Spidermites are very tiny, insect-related pests that feed by sucking juices from the undersides of the leaves. The feeding causes very small yellow specks on the upper surface of the leaves. The leaves then gradually become chlorotic, turn brown, and die. There is always some very fine webbing found where spidermites feed. Spidermites are a very serious problem in spots within fields in some years. Problems with this pest may develop following an application of insecticide for another pest. Spidermites can be controlled by the use of an effective miticide, but thorough coverage of the foliage is necessary.
Leafhoppers are small, green, hopping insects, sometimes called "sharp shooters" because of their shape. They feed by sucking plant juices. Their feeding causes peanut leaflets to turn yellow, especially around the mid rib to the tips. If damage is severe, the yellow area becomes necrotic, and the leaves are shed from the plant. Leafhoppers are usually controlled by the use of foliar-applied insecticidal sprays.
Three-cornered alfalfa hoppers are light green, wedge-shaped insects about 1/4 inch long. The nymph of the insect is similarly shaped, but it does not have wings and its body is covered with many spines. The nymph and the adult have piercing and sucking mouthparts; they feed by sucking juices from the stems of plants. In feeding, they girdle stems and leaf petioles. The girdled area on a stem forms an enlarged scar-tissue callous that impedes or prevents movement of nutrients. In an effort to make up for the blockage, the plant often develops aerial roots. Girdled stems and the leaves on them may become discolored and die.
This insect and its damage have become relatively common. It can be controlled with a relatively light application of a recommended foliar-applied insecticide. The economic importance of three-cornered alfalfa hopper damage has not been determined.
Aphids (plant lice) are small, sucking insects that secrete a sticky substance known as "honeydew." They are usually controlled by beneficial insects. They seldom build up to sufficient numbers to require insecticidal treatment. A foliar application of insecticide will control this pest if populations become great enough to cause damage.
Granulate cutworms are fat, tan to dark-colored caterpillars. They are often called "night crawlers." They hide under trash, in cracks, or below the soil surface during the day. Occasionally, they cut young plants off at or below the soil surface and feed on pods and pegs. However, their primary damage is caused when they climb the plants and feed on the foliage.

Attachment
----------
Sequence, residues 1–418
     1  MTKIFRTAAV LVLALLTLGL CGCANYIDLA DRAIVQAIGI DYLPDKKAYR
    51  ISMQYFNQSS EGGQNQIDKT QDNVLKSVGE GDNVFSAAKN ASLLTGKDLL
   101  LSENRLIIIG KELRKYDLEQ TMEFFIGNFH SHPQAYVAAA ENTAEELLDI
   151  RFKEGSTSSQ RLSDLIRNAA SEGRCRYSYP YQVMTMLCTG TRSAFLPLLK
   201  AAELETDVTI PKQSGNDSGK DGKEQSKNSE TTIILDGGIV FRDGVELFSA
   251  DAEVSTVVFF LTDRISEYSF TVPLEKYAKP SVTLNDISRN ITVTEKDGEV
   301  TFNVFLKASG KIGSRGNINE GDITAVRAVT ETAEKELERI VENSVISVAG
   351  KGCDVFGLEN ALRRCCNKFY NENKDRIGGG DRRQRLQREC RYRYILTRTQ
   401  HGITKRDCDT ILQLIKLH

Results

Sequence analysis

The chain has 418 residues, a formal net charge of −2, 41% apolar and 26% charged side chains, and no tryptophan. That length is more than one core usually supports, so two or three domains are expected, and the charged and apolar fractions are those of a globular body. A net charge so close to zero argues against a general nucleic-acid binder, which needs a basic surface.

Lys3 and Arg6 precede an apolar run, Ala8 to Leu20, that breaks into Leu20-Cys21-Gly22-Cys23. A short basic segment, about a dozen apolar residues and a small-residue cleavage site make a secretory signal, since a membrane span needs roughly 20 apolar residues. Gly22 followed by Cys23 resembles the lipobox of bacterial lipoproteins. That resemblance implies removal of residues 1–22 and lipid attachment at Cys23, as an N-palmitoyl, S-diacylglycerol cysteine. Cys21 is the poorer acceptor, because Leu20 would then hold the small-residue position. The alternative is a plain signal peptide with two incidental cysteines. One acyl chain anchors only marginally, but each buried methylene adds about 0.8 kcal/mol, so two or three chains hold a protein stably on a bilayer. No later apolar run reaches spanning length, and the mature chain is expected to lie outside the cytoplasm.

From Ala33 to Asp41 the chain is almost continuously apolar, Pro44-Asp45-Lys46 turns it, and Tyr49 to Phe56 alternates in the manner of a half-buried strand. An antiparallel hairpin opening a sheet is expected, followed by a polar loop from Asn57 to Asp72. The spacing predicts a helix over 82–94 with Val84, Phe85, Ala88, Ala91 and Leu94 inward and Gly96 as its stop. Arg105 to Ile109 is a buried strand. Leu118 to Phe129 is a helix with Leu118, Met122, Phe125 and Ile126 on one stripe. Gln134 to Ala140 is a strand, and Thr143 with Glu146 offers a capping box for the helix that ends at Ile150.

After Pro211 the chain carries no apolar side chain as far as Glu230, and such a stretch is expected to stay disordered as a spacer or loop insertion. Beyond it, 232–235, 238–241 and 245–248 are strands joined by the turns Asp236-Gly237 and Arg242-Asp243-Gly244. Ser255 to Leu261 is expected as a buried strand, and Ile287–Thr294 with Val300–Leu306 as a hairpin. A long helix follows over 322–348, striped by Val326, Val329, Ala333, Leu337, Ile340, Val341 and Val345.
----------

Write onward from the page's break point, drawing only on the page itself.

At times these pests are present in large numbers and seem to be causing little or no damage. When they begin to feed on the foliage, they may cause significant defoliation. Foliage feeding usually occurs at night and the "worms" return to the soil during the day.
Cutworms can be controlled with recommended foliar-applied insecticides.
Corn earworms and tobacco budworms vary in color from light green to almost black. They are one of the most common caterpillars that feed on peanut foliage. The life cycle requires about 30 days, with 14 to 16 days of this time spent in the larval stage. There may be several generations in peanuts during a single growing season. These worms usually are controlled by the use of insecticidal sprays.
Fall armyworms are multi-colored, striped larvae usually having a light-colored inverted "Y" on the head. The life cycle requires about 30 days with about half of this time spent in the larval stage. There may be several generations during a year. They feed on the foliage on peanut plants. This pest can be effectively controlled by the use of a recommended insecticidal spray.
Velvetbean caterpillars are green to black larvae that usually have white stripes the length of the body. These larvae are very active when disturbed. They feed on the foliage and may completely strip plants of all leaves and destroy the terminal buds.
Development from egg to adult requires 4 to 5 weeks. The destructive larval stage usually lasts from 16 to 21 days. Two or three generations may occur late in the peanut growing season. This insect is very easily controlled with recommended insecticidal sprays.
Beet armyworms are sporadic pests of peanuts. They feed on plant foliage. They are quite variable in color but always have a dark stripe down the middle of the back and two light yellow stripes down each side. There is usually a small black spot on each side above the second pair of true legs just behind the head. This caterpillar is mature when it is slightly more than 1 inch long. Beet armyworms are very difficult to control with insecticides.
Loopers are often found feeding on peanut foliage. Larvae pass through six instars (stages of development) in a period of 2 weeks or slightly longer. Pupae are attached to the plant by a web. The complete life cycle requires 30 to 35 days.